While your dedication is appreciated, please stay home when you are sick. If you really feel horrible, you need to be at home resting, not spreading your germs all over the office, ensuring the rest of the office will be out of commission next week. If you really have a lot of work to get done, take your laptop to bed with you and finish it there. Trust me, this is one time in which your teammates would rather you “go it alone.”
We are a very environmentally conscious society and everyone is looking to do their part. So, when you leave the bathroom or break room, turn the light off. If your facility participates in green initiatives such as recycling, get involved.
…And tapping your foot, and pen clicking, and breathing loudly. Any repetitive noise that could distract your colleagues while they are trying to concentrate. This is especially important if you are in a cubicle or open space setting, where everyone can hear EVERYTHING you do. Think about what things distract you and reflect upon your own actions. If you realize you have one of these distracting habits, make a conscious effort to break it. If someone points it out and asks you to stop, don’t be offended —just remember how frustrating it is when you are deep in thought and lose it due to Frank’s loud conversation in the next cubicle over.
There is nothing worse than going to the restroom and realizing (too late) that there is no toilet paper. Or washing your hands and finding there are no paper towels to dry off. Take that few extra moments and re-fill the water before heading back to your desk—your co-workers will notice either way.
So, you brought your leftovers from last night’s dinner for lunch today. It was such a great meal, you’ve been looking forward to lunch all morning. But lo and behold, you go to heat it up and…it’s gone!? It’s happened to most of us at some point. All I can think is “How rude, why would anyone do that?” If you are really hungry, please just ask me; I will probably share. But please don’t take my food and leave me hungry. The culprit is likely not looking at it this way when they are doing it, but it is stealing. Please bring your own food or ask before taking.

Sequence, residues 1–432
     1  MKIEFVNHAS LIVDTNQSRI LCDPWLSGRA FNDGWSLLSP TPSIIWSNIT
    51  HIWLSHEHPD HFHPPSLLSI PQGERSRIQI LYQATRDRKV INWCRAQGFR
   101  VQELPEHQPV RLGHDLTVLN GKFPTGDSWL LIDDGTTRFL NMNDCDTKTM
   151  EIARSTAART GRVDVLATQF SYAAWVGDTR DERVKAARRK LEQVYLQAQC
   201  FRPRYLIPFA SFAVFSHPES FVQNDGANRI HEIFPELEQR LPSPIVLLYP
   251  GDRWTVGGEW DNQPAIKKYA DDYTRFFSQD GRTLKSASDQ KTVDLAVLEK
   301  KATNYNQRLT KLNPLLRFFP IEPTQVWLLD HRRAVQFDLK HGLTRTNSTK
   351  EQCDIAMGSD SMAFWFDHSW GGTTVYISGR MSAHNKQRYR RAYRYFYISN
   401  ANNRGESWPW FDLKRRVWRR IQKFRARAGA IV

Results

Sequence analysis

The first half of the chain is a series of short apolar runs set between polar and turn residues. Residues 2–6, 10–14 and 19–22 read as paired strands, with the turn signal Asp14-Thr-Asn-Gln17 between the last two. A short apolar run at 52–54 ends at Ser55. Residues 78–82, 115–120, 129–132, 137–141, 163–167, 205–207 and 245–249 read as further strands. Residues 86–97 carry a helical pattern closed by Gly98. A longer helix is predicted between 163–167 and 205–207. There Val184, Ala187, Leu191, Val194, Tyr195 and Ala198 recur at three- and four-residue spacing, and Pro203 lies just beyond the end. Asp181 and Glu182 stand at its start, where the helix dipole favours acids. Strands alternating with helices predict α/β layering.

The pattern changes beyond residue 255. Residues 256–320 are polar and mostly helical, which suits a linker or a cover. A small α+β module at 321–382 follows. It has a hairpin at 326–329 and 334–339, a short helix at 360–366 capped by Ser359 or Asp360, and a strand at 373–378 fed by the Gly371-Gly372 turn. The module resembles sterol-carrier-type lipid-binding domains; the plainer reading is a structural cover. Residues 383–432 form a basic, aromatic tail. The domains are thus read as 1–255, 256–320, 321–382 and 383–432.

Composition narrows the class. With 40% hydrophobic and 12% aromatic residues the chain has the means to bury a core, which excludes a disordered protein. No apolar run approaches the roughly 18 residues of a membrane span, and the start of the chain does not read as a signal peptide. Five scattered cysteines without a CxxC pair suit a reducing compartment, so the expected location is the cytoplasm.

I get it, life stinks sometimes. But the energy we put out affects everyone around us. So please, keep the negativity to a minimum and remember-the energy you put out into the universe is the energy you get back.
While it is appropriate and encouraged to get to know your colleagues on a personal level, there is a line. Before sharing details about your financial situation or how many times your daughter went potty last night, think about the person you are talking to and how they would feel about these details.
Everyone needs to make a personal call from time to time. But we all tend to talk a little louder when on our cell phones and those conversations can be very distracting to those around you. So please, take the conversation in the hall, a quiet space, or even outside. But not in the bathroom. Your voice is amplified when in the bathroom and besides, it’s just a little weird.
Most of us are guilty of some (or all) of these habits at some point in our careers. But we spend almost as much time with our teammates as we do our families, so it only makes sense to respect their needs and wishes. Habits are difficult to break, but if you find yourself regularly doing something on this list, make a conscious effort to remedy that. What workspace habits are your pet peeves? We would love to hear them.
Tiffany covers leadership and marketing topics and enjoys learning about how technology shapes our industry. Before iOFFICE, she worked in local news but don't hold that against her.